Estate tax may also be applicable for both structures depending on the value of the US assets and the worldwide assets (see blow).
Non-Resident US Estate Tax for Canadians:
Estate tax is a common issue and an important part of any tax planning guide for Canadians buying and owning American real estate. When an individual becomes deceased, their assets including real estate properties are subjected to estate tax prior to their distribution. Canadians who are neither Americans citizens nor US green card holders are only subjected to estate tax on their US situated assets upon their death.
As a Canadian you will only be subjected to estate tax upon your death, if the value of your assets based in the United States is greater than US $60,000 and the value of your worldwide assets is greater than $US 5.25 million. In this situation, you will likely not be subject to estate tax if the fair market value of your assets is below these figures.
If your assets are above these figures, your estate tax liability can be further reduced through the ‘unified credit’ that is available for Canadians. This tax credit is different for Americans and Canadians. The amount for 2013 is equal to $2,045,800 but for Canadians this number is calculated on a prorated basis. So the new calculation is based on the ratio of the value of your US estate assets compared to your worldwide assets and then multiplied by the initial unified credit amount of $2,045,800. If you still have excessive amounts of tax liability after this credit, the graduated tax rates seen here in appendix B will apply.
John purchases a home in the United States for US $4,000,000 and his total worldwide assets are $10,000,000. His ratio is 40 percent (4,000,000/10,000,000). This 40 percent is then applied to the unified credit amount for 2013 ($2,045,800) to calculate his unified tax credit for Canadians. The result is that John now has a credit of $818,320 (40% x $2,045,800) which he can use to reduce his estate tax liability.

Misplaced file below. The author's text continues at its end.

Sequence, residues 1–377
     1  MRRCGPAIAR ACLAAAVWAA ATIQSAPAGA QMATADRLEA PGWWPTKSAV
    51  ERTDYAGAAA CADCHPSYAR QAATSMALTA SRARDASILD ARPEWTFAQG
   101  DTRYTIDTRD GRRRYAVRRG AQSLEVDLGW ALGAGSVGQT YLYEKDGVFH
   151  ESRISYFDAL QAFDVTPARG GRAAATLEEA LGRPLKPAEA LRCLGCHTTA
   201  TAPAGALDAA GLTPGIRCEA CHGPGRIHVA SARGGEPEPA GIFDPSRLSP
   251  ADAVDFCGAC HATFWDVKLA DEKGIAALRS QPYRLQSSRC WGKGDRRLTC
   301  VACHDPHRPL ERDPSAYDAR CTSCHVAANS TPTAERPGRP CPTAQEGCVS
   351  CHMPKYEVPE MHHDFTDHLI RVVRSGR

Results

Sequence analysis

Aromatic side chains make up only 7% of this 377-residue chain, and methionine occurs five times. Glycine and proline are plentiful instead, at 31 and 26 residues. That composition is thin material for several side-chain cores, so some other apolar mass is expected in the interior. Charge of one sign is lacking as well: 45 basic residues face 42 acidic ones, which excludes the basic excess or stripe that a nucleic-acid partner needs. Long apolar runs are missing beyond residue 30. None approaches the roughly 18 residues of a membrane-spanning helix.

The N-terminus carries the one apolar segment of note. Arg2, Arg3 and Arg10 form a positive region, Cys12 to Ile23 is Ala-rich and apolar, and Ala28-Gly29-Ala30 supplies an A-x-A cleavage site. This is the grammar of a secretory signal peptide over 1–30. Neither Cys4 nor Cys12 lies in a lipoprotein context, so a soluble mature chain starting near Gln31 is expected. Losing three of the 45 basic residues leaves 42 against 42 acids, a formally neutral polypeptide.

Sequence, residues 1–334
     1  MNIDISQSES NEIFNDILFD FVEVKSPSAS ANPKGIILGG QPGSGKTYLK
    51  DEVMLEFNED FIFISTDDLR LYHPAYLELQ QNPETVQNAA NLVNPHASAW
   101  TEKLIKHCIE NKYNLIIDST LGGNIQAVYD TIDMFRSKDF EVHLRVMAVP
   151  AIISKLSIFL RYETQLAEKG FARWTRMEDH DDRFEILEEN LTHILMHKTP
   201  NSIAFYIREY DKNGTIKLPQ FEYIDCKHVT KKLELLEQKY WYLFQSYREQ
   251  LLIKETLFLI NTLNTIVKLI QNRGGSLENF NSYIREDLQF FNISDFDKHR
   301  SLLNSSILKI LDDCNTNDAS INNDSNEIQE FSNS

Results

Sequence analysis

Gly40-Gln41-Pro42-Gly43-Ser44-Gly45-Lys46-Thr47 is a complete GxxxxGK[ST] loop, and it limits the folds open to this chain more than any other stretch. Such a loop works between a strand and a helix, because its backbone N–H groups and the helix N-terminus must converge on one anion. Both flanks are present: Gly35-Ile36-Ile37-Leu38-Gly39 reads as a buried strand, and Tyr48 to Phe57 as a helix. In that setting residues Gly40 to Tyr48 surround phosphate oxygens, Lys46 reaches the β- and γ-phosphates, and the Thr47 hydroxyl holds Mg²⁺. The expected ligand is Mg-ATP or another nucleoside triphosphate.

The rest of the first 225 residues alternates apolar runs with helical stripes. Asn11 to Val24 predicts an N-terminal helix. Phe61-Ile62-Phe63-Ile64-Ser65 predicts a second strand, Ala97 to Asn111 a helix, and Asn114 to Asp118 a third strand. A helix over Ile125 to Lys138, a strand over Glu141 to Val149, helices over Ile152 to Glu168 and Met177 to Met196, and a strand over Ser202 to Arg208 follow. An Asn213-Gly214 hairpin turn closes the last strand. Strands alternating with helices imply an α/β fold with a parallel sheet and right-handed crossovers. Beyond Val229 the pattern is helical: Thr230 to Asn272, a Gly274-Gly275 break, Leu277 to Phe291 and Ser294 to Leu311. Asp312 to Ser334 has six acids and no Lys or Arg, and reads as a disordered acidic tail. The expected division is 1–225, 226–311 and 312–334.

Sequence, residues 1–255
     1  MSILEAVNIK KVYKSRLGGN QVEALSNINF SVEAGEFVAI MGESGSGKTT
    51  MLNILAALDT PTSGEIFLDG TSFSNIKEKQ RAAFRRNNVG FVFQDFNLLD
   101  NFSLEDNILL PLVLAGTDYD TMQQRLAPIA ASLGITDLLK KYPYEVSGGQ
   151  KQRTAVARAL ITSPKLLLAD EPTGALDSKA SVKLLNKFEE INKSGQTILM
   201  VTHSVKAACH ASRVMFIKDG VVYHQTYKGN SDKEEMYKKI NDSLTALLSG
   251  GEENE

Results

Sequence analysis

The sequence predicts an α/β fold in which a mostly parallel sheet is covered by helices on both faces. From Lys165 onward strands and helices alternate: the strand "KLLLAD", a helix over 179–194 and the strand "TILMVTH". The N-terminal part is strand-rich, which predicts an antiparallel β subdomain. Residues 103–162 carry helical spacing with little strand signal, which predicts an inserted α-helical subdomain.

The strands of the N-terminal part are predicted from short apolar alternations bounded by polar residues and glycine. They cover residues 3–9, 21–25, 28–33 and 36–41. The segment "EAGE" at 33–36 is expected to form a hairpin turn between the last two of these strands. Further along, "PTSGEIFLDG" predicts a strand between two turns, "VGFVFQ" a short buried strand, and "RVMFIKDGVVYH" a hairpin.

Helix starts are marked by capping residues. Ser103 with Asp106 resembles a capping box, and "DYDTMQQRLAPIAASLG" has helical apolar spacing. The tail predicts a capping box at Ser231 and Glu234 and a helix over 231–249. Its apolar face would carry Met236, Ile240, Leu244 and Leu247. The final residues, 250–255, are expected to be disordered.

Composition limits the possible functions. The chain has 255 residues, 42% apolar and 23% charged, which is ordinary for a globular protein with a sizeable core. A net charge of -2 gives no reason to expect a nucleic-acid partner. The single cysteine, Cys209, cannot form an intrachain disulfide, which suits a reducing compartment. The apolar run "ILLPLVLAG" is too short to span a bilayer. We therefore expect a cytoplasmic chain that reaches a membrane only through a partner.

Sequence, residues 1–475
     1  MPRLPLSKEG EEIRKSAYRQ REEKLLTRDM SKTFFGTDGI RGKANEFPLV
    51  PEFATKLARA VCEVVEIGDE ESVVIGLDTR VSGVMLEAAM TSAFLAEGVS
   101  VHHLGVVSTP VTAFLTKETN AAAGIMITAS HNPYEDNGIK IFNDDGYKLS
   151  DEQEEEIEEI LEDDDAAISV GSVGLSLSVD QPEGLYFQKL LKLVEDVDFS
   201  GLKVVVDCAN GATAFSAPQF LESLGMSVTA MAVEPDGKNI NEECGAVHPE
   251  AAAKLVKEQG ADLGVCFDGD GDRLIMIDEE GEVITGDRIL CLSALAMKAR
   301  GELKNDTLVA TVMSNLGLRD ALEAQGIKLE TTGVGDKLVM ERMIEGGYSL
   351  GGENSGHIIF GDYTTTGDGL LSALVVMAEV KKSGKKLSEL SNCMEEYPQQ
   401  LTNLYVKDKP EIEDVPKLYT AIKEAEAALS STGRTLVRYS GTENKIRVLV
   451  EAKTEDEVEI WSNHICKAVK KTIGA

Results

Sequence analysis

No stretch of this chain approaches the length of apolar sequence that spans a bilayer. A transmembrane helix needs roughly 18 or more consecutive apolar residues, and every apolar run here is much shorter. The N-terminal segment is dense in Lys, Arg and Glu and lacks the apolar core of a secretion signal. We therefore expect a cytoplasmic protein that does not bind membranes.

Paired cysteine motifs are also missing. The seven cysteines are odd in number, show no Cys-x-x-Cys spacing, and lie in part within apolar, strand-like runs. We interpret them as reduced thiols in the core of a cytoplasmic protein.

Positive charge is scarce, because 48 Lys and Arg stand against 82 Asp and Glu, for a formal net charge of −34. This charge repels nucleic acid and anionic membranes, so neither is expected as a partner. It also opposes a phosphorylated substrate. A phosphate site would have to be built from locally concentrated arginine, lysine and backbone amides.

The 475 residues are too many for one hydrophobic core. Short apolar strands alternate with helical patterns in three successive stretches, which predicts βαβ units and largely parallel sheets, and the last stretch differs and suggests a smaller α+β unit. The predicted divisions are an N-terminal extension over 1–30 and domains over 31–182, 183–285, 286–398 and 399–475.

Additionally, the treaty also allows any estate taxes paid to be eligible for foreign tax credits when filing Canadian income tax.
Estate taxes can prove to be a real headache, so the best strategy would be to avoid it altogether. The best option is to ensure that the value of your worldwide estate is under the $5.25 million. Consider splitting ownership of your assets amongst your spouse, family members and even trusts to minimize your worldwide estate.
The information provided on this page is intended to provide general information. The information does not take into account your personal situation and is not intended to be used without consultation from accounting and financial professionals. Allan Madan and Madan Chartered Accountant will not be held liable for any problems that arise from the usage of the information provided on this page.